Cables appear to be complicated, but the reality is that if you can knit and purl you can cable. There are mock cables that do not require the use of cable needles and more tricky cables that do require their use. There are a few supplies that will come in handy, but use whichever supplies make the process easiest for you.
First are the cable needles:
Here is a straight double pointed needle and a needle with a bump in the center:
Here is a second picture of a hooked cable needle and a wooden double pointed needle:
To make a cable the process is to remove stitches from the needle, place those stitches either in the front or the back of the work, knit stitches that come after them, and then knit the stitches that were removed. This creates a cross over of stitches, and the look depends on how many stitches are removed and whether the removed stitches are placed in front or in back of work.
This crossover happens every few rows depending on the specific pattern used, and can create a reversible fabric or a fabric with definite right and wrong sides.
Here is a sample of knitting a cable:
Remove stitches from left needle and put on a "cable" needle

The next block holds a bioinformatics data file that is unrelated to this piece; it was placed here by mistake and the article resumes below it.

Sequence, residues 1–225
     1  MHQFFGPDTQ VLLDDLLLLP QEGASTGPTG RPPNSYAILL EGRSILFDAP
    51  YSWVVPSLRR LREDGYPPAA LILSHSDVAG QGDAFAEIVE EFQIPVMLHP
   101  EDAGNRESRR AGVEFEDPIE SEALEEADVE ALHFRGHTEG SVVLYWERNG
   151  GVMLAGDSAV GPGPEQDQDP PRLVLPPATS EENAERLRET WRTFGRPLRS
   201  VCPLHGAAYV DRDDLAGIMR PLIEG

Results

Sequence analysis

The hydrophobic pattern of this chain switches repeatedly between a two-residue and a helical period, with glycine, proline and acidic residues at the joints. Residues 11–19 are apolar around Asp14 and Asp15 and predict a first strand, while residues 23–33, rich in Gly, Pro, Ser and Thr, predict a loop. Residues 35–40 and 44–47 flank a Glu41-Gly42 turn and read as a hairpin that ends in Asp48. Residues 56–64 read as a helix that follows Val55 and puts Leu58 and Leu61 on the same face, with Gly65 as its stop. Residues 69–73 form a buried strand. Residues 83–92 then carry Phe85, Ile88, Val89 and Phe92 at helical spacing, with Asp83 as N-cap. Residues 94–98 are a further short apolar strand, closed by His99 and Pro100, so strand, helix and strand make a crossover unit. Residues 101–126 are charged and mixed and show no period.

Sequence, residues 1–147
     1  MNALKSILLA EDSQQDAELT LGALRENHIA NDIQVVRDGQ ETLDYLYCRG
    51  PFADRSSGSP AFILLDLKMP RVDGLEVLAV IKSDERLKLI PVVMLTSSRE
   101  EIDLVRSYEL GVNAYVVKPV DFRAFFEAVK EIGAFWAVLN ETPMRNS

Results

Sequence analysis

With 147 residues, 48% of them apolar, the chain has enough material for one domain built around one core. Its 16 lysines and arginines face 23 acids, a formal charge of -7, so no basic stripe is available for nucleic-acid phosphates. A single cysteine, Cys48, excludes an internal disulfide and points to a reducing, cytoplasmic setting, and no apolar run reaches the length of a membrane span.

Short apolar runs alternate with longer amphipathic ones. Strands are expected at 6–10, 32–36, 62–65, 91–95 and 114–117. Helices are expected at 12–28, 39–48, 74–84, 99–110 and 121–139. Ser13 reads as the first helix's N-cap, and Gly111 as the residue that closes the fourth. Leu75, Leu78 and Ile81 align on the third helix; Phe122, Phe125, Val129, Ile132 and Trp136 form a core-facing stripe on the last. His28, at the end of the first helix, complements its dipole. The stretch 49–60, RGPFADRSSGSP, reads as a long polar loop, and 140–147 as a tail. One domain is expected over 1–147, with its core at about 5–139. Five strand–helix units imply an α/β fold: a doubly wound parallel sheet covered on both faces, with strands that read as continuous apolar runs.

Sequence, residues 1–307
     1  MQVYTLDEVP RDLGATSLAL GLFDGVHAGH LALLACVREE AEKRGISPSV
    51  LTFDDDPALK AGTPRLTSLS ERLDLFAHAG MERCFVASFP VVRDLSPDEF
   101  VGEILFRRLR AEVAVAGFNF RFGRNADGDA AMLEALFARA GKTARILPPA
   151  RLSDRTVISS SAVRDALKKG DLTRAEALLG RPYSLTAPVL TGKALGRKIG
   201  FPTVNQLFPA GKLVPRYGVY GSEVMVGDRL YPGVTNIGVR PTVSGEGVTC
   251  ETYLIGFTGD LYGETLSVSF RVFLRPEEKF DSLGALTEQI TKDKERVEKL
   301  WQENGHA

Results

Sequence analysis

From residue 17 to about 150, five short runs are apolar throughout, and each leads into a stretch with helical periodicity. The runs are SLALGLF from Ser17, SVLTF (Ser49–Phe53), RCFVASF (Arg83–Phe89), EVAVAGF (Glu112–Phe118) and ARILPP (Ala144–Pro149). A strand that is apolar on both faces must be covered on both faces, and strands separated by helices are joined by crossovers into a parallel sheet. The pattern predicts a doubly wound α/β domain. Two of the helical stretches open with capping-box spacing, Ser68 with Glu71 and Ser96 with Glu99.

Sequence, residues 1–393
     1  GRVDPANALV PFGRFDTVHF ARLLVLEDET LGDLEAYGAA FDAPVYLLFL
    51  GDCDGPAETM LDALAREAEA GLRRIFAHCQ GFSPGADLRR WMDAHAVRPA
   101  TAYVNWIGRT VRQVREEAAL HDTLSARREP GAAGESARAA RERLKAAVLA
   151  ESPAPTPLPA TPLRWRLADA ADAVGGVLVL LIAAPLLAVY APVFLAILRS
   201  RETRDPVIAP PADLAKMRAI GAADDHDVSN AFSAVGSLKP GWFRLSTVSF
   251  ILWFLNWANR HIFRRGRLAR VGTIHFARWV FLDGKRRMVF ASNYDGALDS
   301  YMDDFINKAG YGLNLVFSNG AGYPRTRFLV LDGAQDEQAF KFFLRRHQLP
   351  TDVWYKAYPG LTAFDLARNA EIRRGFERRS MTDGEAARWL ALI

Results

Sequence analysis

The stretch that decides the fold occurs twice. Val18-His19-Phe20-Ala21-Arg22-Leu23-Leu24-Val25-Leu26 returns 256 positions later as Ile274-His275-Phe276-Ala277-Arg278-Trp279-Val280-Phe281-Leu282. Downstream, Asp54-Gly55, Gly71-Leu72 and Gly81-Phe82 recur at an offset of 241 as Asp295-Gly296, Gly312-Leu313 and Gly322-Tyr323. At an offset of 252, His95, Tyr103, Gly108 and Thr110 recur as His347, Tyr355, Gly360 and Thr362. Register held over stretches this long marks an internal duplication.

Knitting next stitches on left needle
Knitting stitches off the cable needle
Depending on whether the cable needle is held in front or in back of works determines how the cable will look:
* Needle in front causes the cable to cross to the right (when right side is facing you).
* Needle in back causes the cable to cross to the left (when right side is facing you).
* Reversible Cable (same on front and back)
* Wide Cable more stitches are placed on the cable needle.
* Thin Cable fewer stitches are placed on the cable needle.
* Mock Cable, knit the second stitch on the left needle, but don't remove from the left needle. Knit the first stitch from the left needle, and then move both knitted stitches from the left to the right needle.
* Cables that veer away from each other, knit consecutive cables, first having the needle held in front, then knit a cable with the needle held in back.
Finally, something I find extremely helpful is to put a pin or marker in the row where the stitches are actually moved around, so that I can easily see which row crossed, and can then count the rows until the next cable is to be worked.
Examples of different cables: